• Wanted Posters – These let your citizens know to watch out for the bad guys. This is your user awareness and security training programs. Social Engineering is a very popular attack vector and is almost always lethal with unaware users. A user spotting abnormal activity and notifying the proper personnel can save your business time, money, and headache.
  • Tower Guards – They watch over your whole castle and allow you to correlate your attack events. These represent edge sensors, event correlation databases, etc. They span the enterprise and are critical for monitoring the health of your Castle.
  • Castle Scouts – They let you know someone is inside your walls. These will be your IDS sensor monitoring for non-standard traffic such as, “Why is your user machine suddenly attempting to connect to multiple shares the user does not need.” Scouts rely on understanding their environment and must be trained to recognize “abnormal” traffic.
  • Castle Guards – They let you isolate your attacker preventing them from doing more damage. These will be your firewall isolating your network segments in critical places such as the DMZ, Server LAN, User LAN, accounting systems, etc. When your scouts notice a compromise your guards spring into action blocking network traffic from the compromised machine.
  • Executioners - They let you identify the threat signature and remove it from your Castle. These represent your enterprise security department and their tools, such as Enterprise AV, incident response tools, and training.

Perimeter Defense: The Walls

Walls are easy to conceive but hard to implement. The Wall is ironically the weakest part of the Castle, because it necessarily contains a gate. Perimeter protection devices are used to repel attackers- or at least force them into the open- acting as your first line of defense for attackers attempting to remove the castle’s treasure.

  • Archers and Border Guards – They stop the attackers before the reach the door. These are firewalls and intrusion prevention systems. By blocking known bad IP address, bad port numbers, and bogus addresses inbound from the internet you lessen the work on your guards inside. Archers and Guards require constant training to keep their skills honed just as your firewalls require constant attention and tuning to ensure you gain the most benefit from them.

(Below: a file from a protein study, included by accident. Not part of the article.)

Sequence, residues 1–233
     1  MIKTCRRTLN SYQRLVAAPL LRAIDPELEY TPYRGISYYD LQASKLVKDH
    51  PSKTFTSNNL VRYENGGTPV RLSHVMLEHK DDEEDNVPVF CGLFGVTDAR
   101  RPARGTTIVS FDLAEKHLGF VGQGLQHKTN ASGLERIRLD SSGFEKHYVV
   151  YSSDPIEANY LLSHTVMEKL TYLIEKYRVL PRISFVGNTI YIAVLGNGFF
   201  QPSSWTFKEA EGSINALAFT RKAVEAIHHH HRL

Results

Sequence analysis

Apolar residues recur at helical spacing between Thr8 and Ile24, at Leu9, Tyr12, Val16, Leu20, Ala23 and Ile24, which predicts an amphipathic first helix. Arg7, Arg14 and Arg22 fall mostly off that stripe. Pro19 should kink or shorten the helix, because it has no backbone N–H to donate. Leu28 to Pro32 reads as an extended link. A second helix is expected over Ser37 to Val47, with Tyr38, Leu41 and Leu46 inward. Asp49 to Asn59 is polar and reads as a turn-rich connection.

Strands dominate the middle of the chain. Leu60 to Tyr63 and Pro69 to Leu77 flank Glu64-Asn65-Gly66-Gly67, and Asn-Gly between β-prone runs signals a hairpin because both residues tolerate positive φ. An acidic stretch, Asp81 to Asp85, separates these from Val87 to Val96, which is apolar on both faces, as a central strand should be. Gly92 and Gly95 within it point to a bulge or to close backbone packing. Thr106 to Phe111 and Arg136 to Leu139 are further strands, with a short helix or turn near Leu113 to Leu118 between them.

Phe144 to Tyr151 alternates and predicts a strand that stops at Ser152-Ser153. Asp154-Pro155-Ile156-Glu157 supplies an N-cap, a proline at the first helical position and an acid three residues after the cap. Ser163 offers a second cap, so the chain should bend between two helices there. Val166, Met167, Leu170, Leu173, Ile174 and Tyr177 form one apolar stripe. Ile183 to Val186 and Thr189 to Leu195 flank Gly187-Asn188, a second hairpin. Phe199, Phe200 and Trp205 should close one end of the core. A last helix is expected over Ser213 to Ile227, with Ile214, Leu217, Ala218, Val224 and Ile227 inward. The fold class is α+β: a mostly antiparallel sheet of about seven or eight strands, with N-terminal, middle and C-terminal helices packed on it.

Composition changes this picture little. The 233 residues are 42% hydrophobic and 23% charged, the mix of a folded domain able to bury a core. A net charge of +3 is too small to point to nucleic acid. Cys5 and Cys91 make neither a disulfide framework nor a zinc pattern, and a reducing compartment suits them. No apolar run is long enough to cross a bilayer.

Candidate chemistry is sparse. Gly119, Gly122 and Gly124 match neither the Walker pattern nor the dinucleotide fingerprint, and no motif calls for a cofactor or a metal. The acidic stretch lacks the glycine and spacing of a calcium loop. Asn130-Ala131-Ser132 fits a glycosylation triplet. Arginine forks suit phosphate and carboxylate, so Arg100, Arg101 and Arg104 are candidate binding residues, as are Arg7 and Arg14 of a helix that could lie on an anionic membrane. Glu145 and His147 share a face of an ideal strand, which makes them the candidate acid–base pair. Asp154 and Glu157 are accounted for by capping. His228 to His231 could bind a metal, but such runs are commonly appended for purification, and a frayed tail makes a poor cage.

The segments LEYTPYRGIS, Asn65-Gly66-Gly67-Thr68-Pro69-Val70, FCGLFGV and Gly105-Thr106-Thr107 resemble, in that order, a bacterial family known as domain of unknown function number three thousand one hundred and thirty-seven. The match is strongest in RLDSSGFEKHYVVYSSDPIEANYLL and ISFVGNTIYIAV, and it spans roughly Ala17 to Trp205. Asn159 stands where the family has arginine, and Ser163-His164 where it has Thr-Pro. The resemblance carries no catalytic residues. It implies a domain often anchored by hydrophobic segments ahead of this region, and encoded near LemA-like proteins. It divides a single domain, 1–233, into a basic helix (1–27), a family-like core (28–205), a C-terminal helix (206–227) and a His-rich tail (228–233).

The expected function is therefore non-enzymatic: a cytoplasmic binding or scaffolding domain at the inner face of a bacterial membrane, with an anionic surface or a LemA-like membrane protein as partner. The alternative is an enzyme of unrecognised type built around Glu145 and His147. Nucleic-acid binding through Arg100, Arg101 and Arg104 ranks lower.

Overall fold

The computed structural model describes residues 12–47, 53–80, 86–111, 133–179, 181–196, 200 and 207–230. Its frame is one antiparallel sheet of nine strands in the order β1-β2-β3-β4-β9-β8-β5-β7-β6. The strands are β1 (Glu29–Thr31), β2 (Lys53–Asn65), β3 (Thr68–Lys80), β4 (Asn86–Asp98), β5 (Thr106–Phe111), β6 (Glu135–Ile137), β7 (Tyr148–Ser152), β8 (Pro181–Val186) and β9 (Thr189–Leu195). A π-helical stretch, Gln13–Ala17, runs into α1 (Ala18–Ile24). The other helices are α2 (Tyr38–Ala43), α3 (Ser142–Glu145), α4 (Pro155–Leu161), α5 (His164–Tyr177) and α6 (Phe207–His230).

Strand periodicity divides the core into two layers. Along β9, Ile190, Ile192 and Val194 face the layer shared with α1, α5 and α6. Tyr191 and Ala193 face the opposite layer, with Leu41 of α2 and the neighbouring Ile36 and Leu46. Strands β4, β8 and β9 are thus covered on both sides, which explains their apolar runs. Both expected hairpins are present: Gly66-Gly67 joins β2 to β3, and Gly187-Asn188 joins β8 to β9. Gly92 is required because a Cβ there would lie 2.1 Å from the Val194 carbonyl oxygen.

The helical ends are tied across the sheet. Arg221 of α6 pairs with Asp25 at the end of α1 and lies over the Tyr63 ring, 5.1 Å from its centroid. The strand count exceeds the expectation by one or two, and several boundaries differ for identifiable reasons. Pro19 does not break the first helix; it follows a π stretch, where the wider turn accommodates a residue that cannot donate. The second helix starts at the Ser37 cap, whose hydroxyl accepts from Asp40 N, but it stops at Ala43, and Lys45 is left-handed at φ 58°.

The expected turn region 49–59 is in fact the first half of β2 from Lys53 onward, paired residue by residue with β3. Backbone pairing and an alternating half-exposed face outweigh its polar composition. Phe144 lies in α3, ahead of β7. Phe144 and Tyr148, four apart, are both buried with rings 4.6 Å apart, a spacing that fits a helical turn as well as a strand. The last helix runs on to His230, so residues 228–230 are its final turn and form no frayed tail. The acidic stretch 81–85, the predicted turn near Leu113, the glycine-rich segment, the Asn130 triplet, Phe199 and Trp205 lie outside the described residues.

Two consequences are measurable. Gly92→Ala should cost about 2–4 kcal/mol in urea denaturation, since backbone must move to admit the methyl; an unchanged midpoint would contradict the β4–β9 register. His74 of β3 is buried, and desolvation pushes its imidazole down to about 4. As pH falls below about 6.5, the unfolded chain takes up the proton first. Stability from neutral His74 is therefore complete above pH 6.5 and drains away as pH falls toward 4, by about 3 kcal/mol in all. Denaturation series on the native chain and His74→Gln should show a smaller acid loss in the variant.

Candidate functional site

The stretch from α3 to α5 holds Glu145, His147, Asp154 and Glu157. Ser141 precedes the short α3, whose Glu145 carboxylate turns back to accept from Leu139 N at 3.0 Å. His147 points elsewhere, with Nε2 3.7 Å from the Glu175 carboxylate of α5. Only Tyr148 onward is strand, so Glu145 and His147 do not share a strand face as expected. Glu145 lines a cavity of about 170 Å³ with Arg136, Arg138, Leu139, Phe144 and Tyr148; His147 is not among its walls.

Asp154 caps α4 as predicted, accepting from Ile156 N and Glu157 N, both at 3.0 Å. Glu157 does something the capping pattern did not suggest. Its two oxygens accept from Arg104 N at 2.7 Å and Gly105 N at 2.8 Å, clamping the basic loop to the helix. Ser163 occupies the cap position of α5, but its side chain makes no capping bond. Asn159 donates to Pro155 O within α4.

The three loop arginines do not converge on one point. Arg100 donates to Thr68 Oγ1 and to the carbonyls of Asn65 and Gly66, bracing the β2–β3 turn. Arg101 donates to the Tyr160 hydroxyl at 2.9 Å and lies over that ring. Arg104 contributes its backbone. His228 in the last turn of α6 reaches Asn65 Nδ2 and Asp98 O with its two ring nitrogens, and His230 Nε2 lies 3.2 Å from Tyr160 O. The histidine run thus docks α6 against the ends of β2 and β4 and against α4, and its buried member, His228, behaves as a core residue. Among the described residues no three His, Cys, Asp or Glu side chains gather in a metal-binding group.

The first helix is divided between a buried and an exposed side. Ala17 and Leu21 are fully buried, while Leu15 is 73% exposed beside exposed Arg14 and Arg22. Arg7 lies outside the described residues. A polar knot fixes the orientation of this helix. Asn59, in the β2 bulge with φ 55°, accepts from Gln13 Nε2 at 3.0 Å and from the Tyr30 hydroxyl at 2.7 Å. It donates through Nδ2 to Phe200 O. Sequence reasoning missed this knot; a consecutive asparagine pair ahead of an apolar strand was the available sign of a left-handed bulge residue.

• Advanced Scouts – They are your eyes warning you of an inbound attack. This is your in-line or tapped IDS carefully inspecting packets coming into your Castle both before and after passing through the firewalls.
  • Chief Inspector Guy – While there is no direct analogy for this person in a castle, they are of utmost importance. This is your outbound proxy protecting your users and making sure no one is running off with the treasure. But what about encrypted streams you cannot inspect you say? Block them, institute a site white-listing policy and only allow encrypted connections to sites with a business need that have been approved by management.

Outside Resources: Allied Armies

What‘s a King without friends? In the case of a denial-of-service attack the traffic can be offloaded to another company to help filter the requests and provide bandwidth before the requests are passed to the web servers. In the case of a compromise, a company specializing in Incident Response ready to help clean up and prevent further damage. And an important point to remember, not all attackers are people; a service provider that provides secure offsite backup facilities to protect against natural or accidental destruction of data is a critical alliance.


So now we’ve built our Castle, but are we done? No, not at all. Bricks require mortar, people require training, and someone always is building a better mouse trap. Ensure you are constantly evaluating what is critical data and what isn’t and devote your efforts to protecting what your company values most.